J. G. Granö’s Perception Of The Environment: Sensory Approaches to Landscapes in Western Mongolia


November 24 (Thursday) 14.00-15.30 (Helsinki), live

Victoria Soyan Peemot, PhD Indigenous Studies, University of Helsinki 

Place: University of Helsinki, City Center Campus, Porthania Building, Room P444

For ZOOM Link Register HERE the day before the event. You will receive the zoom link an hour before the program begins.

In this paper, I aim to draw attention, first, to the Finnish geographer Johannes Gabriel Granö’s concept of perception of the environment which makes use of senses: seeing, hearing, smelling, and touching (1929 [1997]), and to the ways in which Granö’s ideas are close to current anthropological approaches to the human-nonhuman sociality with an emphasis on embodied experience (Anderson 2000, Willerslev 2007, Ingold 2011, Oehler 2020). Second, I analyse Granö’s multisensory understanding of the environment from the perspective of Indigenous relational epistemology (Salmón 2000, Wilson 2008, Peemot 2021, Virtanen 2022). To do so, I bring in the Indigenous voices—of people who live in the Altai and Sayan Mountainous region of Inner Asia where Granö worked in the 1900s. This study leans on research of J. G. Granö’s archives which are available at the Finnish Literature Society (publications, maps, correspondence, and photographs) and multisensory ethnographic fieldwork in Inner Asia from 2015 to 2022.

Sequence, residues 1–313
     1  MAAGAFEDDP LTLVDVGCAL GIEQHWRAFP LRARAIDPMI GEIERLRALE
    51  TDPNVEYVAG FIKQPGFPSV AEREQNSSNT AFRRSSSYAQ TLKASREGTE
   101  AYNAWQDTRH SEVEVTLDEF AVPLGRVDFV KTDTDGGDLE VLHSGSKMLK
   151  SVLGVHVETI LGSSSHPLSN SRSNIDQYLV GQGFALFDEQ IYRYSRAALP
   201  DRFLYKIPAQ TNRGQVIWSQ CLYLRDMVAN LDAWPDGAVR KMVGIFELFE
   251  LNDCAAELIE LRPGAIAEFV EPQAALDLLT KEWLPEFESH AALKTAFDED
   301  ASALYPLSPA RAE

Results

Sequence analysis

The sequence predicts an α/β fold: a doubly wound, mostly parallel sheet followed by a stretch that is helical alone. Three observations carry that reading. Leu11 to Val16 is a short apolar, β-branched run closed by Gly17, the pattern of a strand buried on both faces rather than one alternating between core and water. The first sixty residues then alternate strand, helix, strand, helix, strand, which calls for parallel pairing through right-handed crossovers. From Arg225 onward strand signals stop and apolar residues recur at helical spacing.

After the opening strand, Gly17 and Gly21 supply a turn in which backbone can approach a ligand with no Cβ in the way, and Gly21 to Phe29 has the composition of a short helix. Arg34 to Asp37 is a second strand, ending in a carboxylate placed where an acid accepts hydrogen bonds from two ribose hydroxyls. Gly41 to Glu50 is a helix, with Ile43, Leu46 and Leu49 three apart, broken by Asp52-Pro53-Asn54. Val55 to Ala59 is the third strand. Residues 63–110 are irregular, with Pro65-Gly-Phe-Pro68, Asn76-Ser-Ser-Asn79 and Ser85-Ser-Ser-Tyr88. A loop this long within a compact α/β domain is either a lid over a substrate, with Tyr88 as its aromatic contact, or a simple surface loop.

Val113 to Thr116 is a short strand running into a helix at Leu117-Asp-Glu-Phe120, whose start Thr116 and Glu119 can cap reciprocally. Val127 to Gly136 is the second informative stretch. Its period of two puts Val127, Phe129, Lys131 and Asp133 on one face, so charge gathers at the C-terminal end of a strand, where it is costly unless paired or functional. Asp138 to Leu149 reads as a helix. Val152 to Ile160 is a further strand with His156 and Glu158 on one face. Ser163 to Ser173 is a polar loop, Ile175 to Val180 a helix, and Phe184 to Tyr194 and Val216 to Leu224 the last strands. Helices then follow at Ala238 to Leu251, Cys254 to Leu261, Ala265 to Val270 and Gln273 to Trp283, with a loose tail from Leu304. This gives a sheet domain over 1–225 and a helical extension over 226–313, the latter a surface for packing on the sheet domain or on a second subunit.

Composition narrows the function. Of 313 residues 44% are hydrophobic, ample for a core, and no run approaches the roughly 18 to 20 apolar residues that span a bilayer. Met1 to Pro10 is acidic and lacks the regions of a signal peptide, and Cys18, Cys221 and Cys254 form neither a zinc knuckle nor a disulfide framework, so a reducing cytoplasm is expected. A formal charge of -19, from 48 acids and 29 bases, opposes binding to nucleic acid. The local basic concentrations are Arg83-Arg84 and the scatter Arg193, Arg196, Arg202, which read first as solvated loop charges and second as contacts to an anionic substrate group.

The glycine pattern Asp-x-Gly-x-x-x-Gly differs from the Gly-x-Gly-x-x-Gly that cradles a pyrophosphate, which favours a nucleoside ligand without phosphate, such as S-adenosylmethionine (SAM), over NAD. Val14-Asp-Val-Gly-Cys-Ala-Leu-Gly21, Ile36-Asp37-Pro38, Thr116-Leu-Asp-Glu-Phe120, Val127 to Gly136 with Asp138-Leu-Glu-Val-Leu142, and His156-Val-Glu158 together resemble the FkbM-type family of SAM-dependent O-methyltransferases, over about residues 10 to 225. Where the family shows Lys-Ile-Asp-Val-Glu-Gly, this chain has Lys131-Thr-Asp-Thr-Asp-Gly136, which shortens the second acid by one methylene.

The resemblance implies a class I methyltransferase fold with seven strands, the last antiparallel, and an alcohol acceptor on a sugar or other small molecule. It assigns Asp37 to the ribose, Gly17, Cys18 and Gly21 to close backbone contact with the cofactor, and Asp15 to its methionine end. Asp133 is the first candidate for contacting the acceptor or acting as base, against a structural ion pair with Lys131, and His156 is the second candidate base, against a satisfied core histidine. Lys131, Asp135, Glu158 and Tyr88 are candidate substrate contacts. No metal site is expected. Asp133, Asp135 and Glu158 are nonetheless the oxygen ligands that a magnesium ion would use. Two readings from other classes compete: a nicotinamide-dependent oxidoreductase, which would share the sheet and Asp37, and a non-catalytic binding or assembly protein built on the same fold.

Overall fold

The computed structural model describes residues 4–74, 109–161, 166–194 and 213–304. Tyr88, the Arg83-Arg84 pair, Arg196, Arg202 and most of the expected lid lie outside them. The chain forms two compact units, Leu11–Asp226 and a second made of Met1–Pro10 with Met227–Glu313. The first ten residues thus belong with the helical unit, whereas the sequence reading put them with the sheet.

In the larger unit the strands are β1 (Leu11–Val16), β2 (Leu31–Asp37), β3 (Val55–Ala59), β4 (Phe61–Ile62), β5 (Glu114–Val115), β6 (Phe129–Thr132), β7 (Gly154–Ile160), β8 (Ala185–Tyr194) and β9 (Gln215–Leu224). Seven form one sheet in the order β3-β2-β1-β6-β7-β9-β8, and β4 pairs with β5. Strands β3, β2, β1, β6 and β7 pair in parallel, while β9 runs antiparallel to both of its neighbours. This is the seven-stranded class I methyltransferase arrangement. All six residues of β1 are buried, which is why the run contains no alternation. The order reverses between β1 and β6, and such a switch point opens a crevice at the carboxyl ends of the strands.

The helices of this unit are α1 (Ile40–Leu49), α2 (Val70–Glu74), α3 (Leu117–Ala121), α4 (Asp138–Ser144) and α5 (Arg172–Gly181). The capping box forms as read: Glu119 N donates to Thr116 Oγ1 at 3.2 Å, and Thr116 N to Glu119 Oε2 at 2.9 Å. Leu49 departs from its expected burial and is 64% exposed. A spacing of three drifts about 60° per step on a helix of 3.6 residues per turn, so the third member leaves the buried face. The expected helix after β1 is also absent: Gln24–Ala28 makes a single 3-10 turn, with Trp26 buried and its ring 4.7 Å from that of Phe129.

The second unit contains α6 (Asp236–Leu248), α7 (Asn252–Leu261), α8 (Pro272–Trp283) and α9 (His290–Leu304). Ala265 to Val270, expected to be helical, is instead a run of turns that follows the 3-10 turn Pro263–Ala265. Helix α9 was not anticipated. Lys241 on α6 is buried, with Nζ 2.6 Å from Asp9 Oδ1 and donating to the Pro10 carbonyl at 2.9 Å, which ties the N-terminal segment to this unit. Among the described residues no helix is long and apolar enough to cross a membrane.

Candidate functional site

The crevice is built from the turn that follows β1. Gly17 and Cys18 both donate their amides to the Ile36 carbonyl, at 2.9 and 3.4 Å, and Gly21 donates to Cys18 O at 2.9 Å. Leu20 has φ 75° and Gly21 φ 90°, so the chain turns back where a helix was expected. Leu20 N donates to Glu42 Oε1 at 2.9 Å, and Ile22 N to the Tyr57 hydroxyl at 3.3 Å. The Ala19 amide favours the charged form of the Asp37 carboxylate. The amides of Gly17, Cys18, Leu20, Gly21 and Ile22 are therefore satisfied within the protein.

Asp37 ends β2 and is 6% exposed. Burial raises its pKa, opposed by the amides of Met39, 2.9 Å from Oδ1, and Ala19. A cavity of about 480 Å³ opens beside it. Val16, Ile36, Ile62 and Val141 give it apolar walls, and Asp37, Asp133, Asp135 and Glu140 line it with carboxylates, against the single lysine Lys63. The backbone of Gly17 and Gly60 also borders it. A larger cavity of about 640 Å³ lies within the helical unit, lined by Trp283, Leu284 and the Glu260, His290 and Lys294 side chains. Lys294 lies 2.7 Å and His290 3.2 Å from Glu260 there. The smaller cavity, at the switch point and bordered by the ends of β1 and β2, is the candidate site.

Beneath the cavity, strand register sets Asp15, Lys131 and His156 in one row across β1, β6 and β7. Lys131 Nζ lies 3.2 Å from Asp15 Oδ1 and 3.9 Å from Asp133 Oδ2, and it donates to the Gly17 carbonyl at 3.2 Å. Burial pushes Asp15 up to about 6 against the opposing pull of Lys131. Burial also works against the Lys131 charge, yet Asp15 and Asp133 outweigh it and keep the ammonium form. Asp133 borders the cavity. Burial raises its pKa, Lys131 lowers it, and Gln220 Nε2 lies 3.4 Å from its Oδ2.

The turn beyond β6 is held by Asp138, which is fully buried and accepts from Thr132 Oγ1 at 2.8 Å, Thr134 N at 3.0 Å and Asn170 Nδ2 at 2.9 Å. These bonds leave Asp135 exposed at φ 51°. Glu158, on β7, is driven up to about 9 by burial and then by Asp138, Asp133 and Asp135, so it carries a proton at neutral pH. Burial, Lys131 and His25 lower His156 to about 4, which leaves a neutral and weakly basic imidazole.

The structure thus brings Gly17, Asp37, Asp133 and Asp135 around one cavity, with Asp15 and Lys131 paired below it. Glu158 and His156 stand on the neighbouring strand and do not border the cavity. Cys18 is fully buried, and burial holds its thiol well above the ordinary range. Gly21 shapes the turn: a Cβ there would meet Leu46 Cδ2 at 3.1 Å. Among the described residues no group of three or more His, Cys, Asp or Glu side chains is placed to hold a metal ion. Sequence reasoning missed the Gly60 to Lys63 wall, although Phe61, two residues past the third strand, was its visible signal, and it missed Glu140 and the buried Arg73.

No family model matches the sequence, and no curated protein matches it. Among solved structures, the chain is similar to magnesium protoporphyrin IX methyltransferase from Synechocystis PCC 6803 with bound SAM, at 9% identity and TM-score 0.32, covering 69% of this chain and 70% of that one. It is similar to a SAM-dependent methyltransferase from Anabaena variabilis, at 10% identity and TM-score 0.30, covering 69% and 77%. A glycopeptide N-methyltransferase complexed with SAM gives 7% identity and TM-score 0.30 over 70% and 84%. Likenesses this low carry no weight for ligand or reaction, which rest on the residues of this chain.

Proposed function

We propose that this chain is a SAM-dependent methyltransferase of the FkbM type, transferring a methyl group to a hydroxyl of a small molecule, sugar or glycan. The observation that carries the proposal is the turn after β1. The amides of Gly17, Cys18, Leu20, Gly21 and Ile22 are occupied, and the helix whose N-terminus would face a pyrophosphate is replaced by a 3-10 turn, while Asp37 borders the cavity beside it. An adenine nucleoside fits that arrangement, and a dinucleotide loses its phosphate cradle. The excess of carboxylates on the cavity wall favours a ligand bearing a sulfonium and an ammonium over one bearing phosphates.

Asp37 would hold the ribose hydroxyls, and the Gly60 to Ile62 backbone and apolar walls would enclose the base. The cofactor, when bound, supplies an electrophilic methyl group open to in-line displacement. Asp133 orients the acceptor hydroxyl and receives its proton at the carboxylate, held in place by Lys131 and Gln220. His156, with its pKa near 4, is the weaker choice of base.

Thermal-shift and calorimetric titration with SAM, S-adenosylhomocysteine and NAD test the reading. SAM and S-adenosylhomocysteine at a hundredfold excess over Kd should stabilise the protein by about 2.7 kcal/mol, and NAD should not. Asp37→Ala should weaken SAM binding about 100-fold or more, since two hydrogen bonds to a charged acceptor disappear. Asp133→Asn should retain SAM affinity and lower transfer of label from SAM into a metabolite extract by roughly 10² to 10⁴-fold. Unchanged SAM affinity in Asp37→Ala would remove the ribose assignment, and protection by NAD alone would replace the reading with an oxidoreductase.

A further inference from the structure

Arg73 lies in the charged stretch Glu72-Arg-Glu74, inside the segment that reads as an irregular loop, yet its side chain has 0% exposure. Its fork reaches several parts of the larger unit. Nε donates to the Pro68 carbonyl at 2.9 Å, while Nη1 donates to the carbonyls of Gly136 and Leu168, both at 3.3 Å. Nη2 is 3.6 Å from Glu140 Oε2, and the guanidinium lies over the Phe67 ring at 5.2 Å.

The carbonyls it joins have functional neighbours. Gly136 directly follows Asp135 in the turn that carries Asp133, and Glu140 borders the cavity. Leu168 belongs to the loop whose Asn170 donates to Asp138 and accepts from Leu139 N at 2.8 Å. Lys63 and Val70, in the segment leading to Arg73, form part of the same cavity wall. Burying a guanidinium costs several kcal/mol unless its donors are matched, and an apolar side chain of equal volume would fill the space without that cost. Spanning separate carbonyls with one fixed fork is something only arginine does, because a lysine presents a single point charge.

“The Tyva-speaking mobile pastoralists’ autumn encampment in the Altai Mountains, western Mongolia, October 2022. J. Granö worked in this area in 1907 and 1909. @author”

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